Look all these lovely things! What a great way to start the new year!

With special guests including director Oliver Stone (PLATOON, JFK), director Joanna Hogg (THE SOUVENIR PART II), Ricky Gervais and cast of AFTERLIFE, the cast and crew of FRESH MEAT, writer and director Romola Gari (AMULET), director Déo Cardoso (A BRUDDAH’S MIND), critic and broadcaster Mark Kermode, comedian and broadcaster Adam Buxton and more

BFI Southbank begin 2022 with seasons dedicated to Francois Truffaut and David Bowie

The BFI will kick off 2022 with a celebration of iconic French filmmaker FRANÇOIS TRUFFAUT, with a major two month season at BFI Southbank, BFI Distribution re-releases of THE 400 BLOWS (1959) and JULES ET JIM (1962) and more. Also in January will be BOWIE: STARMAN AND THE SILVER SCREEN, a month-long season dedicated to actor and performer DAVID BOWIE, coinciding with what would have been his 75thbirthday; includes screenings of THE MAN WHO FELL TO EARTH (Nicolas Roeg, 1976), MERRY CHRISTMAS MR. LAWRENCE (Nagisa Ōshima, 1983), THE HUNGER (Tony Scott, 1983) and many more. Also in January, the BFI will present an epic ode to the spirit of adventure and to the achievements of explorers – TO THE ENDS OF THE EARTH: EXPLORATION AND ENDURANCE ON FILM; the season marks 100 years since the death of Anglo-Irish explorer Sir Ernest Shackleton, and the symbolic close of the ‘heroic age’ of Antarctic exploration.  

On 14 January BFI Southbank will welcome Academy Award-winning director, screenwriter and producer Oliver Stone for a special In Conversation event, where he will discuss his memorable and thought-provoking work such as PLATOON, JFK, NIXON, WALL STREET and BORN ON THE FOURTH OF JULY. Regular event MARK KERMODE LIVE IN 3D AT THE BFI, in which critic and broadcaster Mark Kermode is joined by surprise guests from across the film industry to explore, critique and dissect current and upcoming releases, cinematic treasures and industry news, will this month take place on 17 January, with guests to be announced soon.

BFI Southbank will host a pair of must-see TV comedy events in January. Firstly, there will be a preview of the third season of Ricky Gervais’ poignant comedy AFTERLIFE (Netflix/Derek Productions, 2022) on 6 January. This event will include a preview of the first two episodes from the final season, as well as a chance to hear from Ricky Gervais and the cast, who will take part in a Q&A following the screening. From its first episode, FRESH MEAT broke new ground thanks to its cripplingly self-aware yet heartfelt portrayal of university life, shaped loosely by writer-creators Jesse Armstrong and Sam Bain’s own experiences together in Manchester. On 15 January, BFI Southbank will mark the 10th anniversary of the show with a special event featuring archive clips and a Q&A with actors Jack WhitehallZawe AshtonJoe ThomasKimberley NixonGreg McHugh and Charlotte Ritchie, as well as the writer-creators Jesse Armstrong and Sam Bain.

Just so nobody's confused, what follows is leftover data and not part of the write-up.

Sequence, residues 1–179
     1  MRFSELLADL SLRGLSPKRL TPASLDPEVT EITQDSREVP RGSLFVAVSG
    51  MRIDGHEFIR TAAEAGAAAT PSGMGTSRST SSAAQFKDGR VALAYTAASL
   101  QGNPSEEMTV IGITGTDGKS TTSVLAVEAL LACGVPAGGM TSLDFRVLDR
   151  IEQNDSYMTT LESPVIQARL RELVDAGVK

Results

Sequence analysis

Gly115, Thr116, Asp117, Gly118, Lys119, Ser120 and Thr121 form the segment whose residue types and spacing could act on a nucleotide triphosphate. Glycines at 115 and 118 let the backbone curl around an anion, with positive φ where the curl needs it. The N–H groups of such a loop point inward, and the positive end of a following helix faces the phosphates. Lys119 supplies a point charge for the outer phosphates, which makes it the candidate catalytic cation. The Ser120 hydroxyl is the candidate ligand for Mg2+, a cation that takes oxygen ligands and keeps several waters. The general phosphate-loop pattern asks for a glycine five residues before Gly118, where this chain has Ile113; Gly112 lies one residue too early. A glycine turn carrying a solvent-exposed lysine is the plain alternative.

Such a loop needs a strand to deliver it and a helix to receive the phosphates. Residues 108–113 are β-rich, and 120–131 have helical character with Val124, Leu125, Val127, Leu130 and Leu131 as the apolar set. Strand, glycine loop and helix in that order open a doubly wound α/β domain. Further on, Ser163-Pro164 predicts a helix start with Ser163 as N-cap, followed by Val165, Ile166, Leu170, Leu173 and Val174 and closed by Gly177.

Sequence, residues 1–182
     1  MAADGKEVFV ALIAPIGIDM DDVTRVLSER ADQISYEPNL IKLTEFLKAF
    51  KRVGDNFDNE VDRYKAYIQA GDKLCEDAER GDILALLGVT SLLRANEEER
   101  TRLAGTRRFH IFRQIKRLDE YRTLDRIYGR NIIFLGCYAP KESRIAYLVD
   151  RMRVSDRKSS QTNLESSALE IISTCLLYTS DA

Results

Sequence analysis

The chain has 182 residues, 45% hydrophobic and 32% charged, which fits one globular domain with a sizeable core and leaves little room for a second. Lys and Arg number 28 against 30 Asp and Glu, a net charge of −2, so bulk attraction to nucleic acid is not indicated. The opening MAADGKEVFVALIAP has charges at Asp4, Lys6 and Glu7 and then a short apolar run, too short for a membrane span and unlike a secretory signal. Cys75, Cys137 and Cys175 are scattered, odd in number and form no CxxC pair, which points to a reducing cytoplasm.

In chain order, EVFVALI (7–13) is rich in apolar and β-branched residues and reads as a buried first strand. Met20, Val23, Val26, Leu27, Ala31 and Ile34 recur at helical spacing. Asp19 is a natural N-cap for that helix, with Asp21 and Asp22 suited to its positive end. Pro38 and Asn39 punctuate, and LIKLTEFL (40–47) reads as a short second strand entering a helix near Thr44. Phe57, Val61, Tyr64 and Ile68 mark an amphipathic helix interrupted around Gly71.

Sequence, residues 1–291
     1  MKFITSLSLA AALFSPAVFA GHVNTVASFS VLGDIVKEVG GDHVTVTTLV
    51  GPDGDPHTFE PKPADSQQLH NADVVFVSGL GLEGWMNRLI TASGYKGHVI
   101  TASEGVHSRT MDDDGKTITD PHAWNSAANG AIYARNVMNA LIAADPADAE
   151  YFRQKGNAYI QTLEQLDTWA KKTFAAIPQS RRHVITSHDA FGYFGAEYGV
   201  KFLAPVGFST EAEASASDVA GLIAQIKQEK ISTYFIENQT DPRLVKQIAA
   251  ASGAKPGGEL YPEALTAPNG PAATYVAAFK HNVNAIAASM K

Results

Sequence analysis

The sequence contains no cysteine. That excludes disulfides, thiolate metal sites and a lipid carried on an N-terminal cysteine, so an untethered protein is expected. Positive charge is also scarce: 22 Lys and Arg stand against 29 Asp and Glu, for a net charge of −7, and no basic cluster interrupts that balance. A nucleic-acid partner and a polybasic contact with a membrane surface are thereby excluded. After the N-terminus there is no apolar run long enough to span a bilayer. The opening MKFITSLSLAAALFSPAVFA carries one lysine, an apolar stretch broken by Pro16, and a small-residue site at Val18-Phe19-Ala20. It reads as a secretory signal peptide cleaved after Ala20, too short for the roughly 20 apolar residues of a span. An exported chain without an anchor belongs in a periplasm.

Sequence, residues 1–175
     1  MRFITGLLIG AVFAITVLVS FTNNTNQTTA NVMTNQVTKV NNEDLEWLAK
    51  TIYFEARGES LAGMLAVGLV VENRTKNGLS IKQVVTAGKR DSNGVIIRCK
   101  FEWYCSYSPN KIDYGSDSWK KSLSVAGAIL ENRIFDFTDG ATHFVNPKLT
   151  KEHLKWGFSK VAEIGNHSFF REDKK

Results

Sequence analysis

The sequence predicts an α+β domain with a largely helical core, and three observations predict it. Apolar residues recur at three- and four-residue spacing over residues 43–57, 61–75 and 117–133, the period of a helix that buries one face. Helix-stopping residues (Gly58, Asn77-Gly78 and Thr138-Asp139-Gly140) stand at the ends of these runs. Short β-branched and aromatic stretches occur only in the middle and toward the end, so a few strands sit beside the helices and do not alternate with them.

Film previews in January will include BFI-backed THE SOUVENIR PART II (Joanna Hogg, 2021), in which film student Julie is picking up the pieces in the aftermath of her tumultuous relationship with the enigmatic Anthony. Beautifully expanding on Julie’s personal and creative coming-of-age journey, THE SOUVENIR PART II is an exquisite, sensational concluding chapter that also stands alone as a singular piece; the preview on 17 January will be followed by a Q&A with director Joanna Hogg. There will also be a Woman with a Movie Camera powered by Jaguar preview of Romola Garai’s directorial debut AMULET (2020) on 21 January followed by a Q&A with writer-director Romola Garai; this moody, intensely unsettling horror-thriller is bursting with haunting imagery and gruesome scares, and stars Carla Juri, Imelda Staunton and Alec Secareanu. Also in January, BFI AFRICAN ODYSSEYS present the UK Premiere of A BRUDDAH’S MIND (2020) on 22 January, followed by a Q&A with director Déo Cardoso. Based on real events, this political drama follows a Black student, Saulo, inspired by the Black Panthers, who challenges his school in the largely white city of Fortaleza. Despite a calm and articulate demeanour, Saulo’s teachers describe him as a delinquent and try to expel him, but he isn’t alone in his struggle against racism and fascism in Brazil. Also returning in January will be the LONDON SHORT FILM FESTIVAL (LSFF), the programme for which will be announced soon. 

Continue reading “January at the BFI will include Truffaut and Bowie seasons”
BFI events

What TV’s on at the BFI in December 2021? Including The Tourist and The Mezzotint

Whenever it can, TMINE lets you know what TV the BFI will be presenting at the South Bank in London

I’m not going to pretend that I’m going to be doing this as often as I used to, particularly since the last one of these was in November 2020, but I will when I can. And if there’s not much on.

This December, there’s a showing of Doctor Who‘s City of Death, previews of The Tourist, the Ghosts Christmas special and this year’s Ghost Story for Christmas (The Mezzotint), and a collection of Christmas specials past, as well as some slightly odd music-related treats. Plus more!

Continue reading “What TV’s on at the BFI in December 2021? Including The Tourist and The Mezzotint”